Monday, July 8, 2019

07.08.19 Another Chapter

We just returned home from a great vacation.  We spent a week in Napa with my mother-in-law, her grandchildren (our adult children) and their partners. It was wonderful to spend time together and appreciate all the good things that have come out of the last 25 years. 

Some years have been better than others.






2003 was a pretty awful year.

That January, we traveled as a family back to Northern Virginia, where I grew up, to unveil my mother's headstone and the end the "official" period of mourning her death.  I put official in quotes, because it took me much, much longer than that to return to some semblance of normal, and not a day goes by that I don't still miss her.

That April, I turned 40 - and despite the big deal people make about it - I wasn't bothered at all.

My husband - with the help of a few of my fabulous girlfriends arranged a wonderful party - I celebrated, I made resolutions about getting more exercise and vowed to come out of my grief induced shell.

One week later I was in a horrible automobile wreck.  Most of the rest of 2003 was spent in pain, and in and out of the offices of doctors, lawyers and physical therapists.


In December of that difficult year, we had our 10th wedding anniversary - and my husband bought me a ring to mark the occasion. A beautiful anniversary band with ten diamonds, ten points each.  He did it with the help of the wonderful staff at Russell Korman. The ring came from Lieberfarb - a family owned jewelry company that specializes in wedding and anniversary bands.

I almost never take these rings off - except to make meatloaf, matzo balls or challah - and I always get compliments on the diamond band.  But, beyond its sparkle, it is a constant reminder of the strength of our marriage, and how fortunate I am to have such a supportive, generous man as my partner in life.

Fast forward 15 years. You might also remember that a couple of years ago, I joined the Women's Jewelry Association. Recently, they set up an online community called WJA Connect, and asked members to introduce themselves.

One of the members is a woman named Ann Arnold, she introduced herself as having grown up in her family's jewelry business - Lieberfarb.  I sent her a note about my ring, and she replied:

Photo credit: Together, Ann Arnold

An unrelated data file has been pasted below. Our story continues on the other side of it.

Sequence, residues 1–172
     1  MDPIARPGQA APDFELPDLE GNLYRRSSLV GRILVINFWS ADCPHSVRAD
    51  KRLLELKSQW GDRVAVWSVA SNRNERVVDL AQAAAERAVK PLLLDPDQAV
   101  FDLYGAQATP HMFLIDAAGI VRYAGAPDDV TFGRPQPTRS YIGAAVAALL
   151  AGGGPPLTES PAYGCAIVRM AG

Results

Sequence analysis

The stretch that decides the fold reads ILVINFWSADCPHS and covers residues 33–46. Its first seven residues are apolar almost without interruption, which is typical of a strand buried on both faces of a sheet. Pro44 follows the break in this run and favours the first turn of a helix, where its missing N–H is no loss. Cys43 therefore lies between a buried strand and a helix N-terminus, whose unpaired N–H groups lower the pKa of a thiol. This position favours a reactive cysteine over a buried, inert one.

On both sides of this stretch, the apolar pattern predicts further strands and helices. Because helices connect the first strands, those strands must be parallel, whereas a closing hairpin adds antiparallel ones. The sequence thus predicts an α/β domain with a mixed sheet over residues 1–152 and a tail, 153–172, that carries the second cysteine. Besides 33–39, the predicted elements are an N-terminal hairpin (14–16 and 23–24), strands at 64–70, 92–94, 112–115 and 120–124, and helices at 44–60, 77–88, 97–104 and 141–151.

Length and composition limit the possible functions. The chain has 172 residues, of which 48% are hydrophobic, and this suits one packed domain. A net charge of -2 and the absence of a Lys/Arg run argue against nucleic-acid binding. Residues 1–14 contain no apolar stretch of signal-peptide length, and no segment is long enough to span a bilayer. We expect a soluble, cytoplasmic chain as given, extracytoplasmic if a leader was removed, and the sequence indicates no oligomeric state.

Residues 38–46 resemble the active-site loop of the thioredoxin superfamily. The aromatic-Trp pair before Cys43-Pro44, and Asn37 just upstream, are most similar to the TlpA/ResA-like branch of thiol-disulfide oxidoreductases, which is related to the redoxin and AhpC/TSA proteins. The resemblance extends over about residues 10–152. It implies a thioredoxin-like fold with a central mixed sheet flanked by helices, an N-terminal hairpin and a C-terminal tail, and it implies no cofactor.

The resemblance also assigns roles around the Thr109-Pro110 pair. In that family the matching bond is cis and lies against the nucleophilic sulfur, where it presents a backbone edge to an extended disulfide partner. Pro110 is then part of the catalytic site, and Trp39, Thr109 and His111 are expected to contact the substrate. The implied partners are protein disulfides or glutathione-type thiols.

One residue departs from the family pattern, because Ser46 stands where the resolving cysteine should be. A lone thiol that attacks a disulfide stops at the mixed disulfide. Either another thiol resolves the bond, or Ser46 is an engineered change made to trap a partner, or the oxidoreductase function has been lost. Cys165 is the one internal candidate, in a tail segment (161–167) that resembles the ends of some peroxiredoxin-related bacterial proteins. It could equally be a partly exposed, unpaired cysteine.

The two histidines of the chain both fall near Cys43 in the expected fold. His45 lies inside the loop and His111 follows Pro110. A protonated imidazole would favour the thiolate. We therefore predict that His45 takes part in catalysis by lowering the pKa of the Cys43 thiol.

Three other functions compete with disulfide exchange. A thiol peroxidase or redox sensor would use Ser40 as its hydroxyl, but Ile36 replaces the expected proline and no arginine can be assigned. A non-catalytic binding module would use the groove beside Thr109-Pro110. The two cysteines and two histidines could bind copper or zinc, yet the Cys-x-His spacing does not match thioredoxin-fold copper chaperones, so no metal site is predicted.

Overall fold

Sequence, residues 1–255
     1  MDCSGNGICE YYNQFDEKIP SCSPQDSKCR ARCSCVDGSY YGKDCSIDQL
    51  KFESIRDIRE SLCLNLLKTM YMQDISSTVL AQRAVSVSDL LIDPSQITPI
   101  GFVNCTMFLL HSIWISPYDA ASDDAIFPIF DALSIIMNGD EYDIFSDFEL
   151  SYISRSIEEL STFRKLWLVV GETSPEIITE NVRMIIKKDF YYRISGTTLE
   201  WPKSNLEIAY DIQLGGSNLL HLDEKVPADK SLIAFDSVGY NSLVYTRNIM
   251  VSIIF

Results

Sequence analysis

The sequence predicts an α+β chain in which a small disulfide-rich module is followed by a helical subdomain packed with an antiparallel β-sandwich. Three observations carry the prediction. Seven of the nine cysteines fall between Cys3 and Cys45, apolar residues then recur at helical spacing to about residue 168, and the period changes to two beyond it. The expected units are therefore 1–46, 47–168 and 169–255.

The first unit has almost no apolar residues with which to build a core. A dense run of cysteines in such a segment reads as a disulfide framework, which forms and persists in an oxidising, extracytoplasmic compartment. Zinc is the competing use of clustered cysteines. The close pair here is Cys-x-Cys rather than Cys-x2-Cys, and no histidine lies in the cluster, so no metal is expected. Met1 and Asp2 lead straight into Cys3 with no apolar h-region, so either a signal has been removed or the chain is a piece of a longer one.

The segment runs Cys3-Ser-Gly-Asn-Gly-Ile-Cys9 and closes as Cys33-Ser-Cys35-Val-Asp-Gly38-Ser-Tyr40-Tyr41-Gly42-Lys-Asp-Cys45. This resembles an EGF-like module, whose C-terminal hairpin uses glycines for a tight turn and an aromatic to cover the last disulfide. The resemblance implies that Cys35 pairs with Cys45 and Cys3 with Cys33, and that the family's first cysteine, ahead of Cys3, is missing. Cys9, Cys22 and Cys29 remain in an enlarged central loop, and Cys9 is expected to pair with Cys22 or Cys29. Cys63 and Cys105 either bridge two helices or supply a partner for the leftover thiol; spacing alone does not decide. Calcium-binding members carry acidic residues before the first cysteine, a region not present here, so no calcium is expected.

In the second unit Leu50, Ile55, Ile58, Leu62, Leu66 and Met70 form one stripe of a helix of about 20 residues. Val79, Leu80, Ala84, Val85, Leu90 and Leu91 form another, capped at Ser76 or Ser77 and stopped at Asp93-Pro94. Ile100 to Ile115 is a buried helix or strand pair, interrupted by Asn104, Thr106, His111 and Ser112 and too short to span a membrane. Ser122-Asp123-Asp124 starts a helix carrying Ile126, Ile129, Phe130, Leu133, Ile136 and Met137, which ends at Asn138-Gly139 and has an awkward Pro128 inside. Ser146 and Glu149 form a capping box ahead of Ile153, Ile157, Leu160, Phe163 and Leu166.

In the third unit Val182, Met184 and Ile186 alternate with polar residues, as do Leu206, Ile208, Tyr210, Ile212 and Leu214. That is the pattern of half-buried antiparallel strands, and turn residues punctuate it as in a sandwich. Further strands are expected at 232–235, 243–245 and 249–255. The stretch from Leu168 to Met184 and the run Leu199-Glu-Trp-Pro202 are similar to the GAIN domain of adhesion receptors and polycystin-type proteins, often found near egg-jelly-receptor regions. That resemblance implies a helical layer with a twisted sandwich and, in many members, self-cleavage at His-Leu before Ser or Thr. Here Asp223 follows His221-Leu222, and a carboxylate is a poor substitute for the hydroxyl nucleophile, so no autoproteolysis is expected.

Thank you so much for sharing! I am sending your message to my dad, it will make his day! Glad you are still enjoying the ring, it warms my heart. 

All my best
Ann

As we continued our email conversation, I learned that her father is a Holocaust survivor and that with him she has written a beautiful and powerful book - TOGETHER - A Journey for Survival.

Photo credit: Together, Ann Arnold
Ann and her father now travel and tell his story.  They are doing important work ensuring that that stories of those who survived - and those who did not - are never forgotten, and that we must all stand up to intolerance and injustice whenever and wherever we see it.

I'm now following Ann and her father on Facebook and Instagram - and you should, too.

I do believe that every piece of jewelry tells a story, and now there is another chapter in the story of my ring - of a family, and a man who endured far more than I did - but still believes in hope, perseverance, and the need for all of us to stand together.

Until next time.

Monday, May 20, 2019

05.20.19 Gold Rush! Kinetic Jewelry 2.0, Part 3

With the hollow forms completed - including making sure the tubing and wires for hanging were the proper length - it was time to start thinking about embellishing the silver teardrops with granules of 18K gold.

At $1,300 an ounce, I didn't just snip off some of my gold wire and fire up the torch...no...I started by getting some comparably sized (20 gauge) copper wire, and experimenting.





I cut pieces of copper wire to different lengths and started playing around with the placement of granules on each side of the form.

I settled on an arrangement that corresponded to my original sketches; a larger, flattened single granule on one side, and three smaller ones along the bottom curve of the opposite side.


I wanted to use the gold granules on both sides of the earrings, so that when the forms spun on the interior rivet wires (the kinetic part) the details on each side might - or might not - match at any given moment.

Once I was happy with the placement, I cut up my gold wire, balled it up into granules, and with De looking over my shoulder, I lit my torch and fused the granules to both sides of each hollow form.



As luck would have it - Melissa, from the Creative Side staff, was in the studio taking photos and video - so I have a short clip of the forms spinning on their rivets, with the gold on both sides.

I was thrilled with the finished earrings, still had some gold - and time - left before the class ended...so I decided to make a simple pendant and add gold granules.

Photo credit: CSJA
I bought a small, oval turquoise from the stone case at Creative Side - I didn't want to invest a lot, in the event it didn't turn out well - and got started.

I built the setting with argentium silver, just like every other pendant I make, and under De's patient supervision, fused the gold granules down to front of the bezel.

The order of assembling a piece of jewelry is always important, because when both fusing and soldering, the fusing has to be done first (because it is as a higher temperature); adding gold simply means that there is another set of metal temperatures to consider.

In keeping with the spirit of the class I put a riveted bail with - gold wire - on the top of the pendant, and was left with just enough gold for one more small granule. I couldn't NOT use that last bit of gold, so I flipped the pendant over, and gave the cactus cut out a flower.

The granule on the back had to be soldered - so as not to melt the joints on the rest of the piece - and gave me the opportunity to work with gold solder in addition to fusing.

In case it's not obvious - I love taking classes at Creative Side...I love making shiny new things, I love learning new techniques, and I really love spending time with the fabulous people - instructors and other students - that make it such a special place.